The two of them lay there in a silence that came from nothing more having to be said.

Eventually, Zephyr removed the goggles long enough to dry her eyes, then put them back on so she could see the soft beauty of her lover’s smile. “Wish I could kiss you.”

“Soon,” said Face with a happy grin. “As soon as possible. I want it as much as you. But first, we need to build a new Mars. Together.”

Zephyr nodded, feeling stronger already. “Thank you for taking care of me. I’m ready to get back to work now.”

Face, lying beside Zephyr on the carpet of the virtual room rolled her eyes. “I’m not,” she said. “Yes, time is of the essence, but we’re not so rushed that we can’t take a few more minutes to…” her golden smile became mischievous, “emphasize to your emotional side that I really still am your lover.”

A wave of pleasurable tingling ran over Zephyr’s legs and feet as Face moved her hand down to unbutton her virtual clothing.


Early on, one of the robots had removed Zephyr’s blankets so the cameras could lock on to her head position and make her less paralyzed, but she never bothered to put the haptics back on. They were too bulky. So Zephyr just focused on touching herself instead of Face.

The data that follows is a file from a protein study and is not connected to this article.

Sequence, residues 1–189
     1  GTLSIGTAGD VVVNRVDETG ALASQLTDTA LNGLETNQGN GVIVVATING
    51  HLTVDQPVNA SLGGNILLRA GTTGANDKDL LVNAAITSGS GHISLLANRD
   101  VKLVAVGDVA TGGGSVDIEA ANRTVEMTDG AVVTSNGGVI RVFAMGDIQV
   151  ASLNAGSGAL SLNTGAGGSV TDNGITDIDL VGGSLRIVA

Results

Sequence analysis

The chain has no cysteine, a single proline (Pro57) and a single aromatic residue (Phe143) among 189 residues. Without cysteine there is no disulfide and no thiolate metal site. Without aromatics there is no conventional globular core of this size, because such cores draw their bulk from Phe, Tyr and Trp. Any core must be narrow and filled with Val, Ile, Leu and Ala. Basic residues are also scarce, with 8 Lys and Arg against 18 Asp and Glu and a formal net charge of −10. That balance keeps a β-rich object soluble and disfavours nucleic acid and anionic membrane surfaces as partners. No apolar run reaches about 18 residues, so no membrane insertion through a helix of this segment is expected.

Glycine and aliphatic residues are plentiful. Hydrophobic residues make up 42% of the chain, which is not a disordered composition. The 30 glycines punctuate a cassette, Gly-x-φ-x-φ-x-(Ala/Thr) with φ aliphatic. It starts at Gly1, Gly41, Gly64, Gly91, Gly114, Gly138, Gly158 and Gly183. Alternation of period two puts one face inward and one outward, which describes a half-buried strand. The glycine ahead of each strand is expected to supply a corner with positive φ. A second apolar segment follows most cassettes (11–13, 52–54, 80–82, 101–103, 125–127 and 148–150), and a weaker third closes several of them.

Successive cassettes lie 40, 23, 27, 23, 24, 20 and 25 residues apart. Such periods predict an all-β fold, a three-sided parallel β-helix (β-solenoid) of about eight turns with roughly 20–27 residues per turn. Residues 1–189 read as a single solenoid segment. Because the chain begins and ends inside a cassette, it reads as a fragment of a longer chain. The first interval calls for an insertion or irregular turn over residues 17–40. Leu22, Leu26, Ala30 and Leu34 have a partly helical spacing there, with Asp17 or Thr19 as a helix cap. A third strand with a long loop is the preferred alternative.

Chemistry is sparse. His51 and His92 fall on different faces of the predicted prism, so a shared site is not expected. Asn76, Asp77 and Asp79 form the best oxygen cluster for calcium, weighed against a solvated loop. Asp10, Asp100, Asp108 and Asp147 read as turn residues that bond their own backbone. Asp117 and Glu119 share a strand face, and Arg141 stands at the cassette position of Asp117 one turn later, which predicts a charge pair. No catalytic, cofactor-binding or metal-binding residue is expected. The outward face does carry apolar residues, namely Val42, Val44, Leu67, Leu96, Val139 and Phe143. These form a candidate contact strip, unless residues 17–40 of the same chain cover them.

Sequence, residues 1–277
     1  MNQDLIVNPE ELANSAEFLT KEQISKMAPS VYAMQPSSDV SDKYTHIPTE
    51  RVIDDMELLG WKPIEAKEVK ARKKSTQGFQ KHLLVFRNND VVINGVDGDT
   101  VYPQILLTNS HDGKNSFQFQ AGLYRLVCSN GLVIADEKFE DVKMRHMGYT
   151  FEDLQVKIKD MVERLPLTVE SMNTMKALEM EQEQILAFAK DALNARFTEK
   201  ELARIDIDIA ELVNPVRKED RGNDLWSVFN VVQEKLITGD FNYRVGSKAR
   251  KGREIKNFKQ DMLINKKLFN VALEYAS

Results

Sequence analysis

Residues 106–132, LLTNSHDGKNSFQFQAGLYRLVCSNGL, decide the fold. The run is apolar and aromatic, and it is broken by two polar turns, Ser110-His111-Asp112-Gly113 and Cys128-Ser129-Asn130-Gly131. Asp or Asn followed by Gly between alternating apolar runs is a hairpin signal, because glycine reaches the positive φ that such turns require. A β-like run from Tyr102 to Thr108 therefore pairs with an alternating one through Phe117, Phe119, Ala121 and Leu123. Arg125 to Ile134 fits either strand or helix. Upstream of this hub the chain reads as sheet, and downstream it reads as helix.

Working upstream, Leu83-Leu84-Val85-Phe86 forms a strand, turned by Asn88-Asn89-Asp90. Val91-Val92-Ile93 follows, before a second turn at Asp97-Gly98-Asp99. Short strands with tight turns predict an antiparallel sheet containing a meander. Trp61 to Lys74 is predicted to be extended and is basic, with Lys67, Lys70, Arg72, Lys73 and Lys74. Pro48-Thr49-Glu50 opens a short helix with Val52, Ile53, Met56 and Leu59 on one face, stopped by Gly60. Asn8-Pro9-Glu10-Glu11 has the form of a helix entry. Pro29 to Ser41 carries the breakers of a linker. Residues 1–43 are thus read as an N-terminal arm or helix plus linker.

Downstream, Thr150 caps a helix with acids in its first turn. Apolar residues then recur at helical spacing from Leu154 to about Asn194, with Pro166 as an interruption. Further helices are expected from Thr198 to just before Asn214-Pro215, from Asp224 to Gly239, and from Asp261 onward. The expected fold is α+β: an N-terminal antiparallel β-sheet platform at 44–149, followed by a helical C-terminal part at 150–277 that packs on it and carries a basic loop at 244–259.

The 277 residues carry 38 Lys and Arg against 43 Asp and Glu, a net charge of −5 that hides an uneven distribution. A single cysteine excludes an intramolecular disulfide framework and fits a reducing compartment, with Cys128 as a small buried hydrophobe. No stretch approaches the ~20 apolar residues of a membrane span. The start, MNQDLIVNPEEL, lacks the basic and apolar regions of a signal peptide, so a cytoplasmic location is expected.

It wasn’t the best sex Zephyr had ever had, objectively speaking. The goggles were uncomfortable, and while Face’s little robots might’ve been able to hand her goggles back or move the blankets, they were not suited for anything more intimate. But while Face may have been limited to stimulating Zephyr’s legs and generating sounds and images in the virtual reality, what she was able to do with just those things was impressive, to say the least.

More importantly, the sexual satisfaction was secondary to the immense sense of emotional relief. It was like there’d been a sharp bit of metal riding in her stomach for weeks—a rising sense of disconnection and alienation from her lover. And now it was gone (or at least greatly diminished). They were together again, and things would just keep getting better from here on out.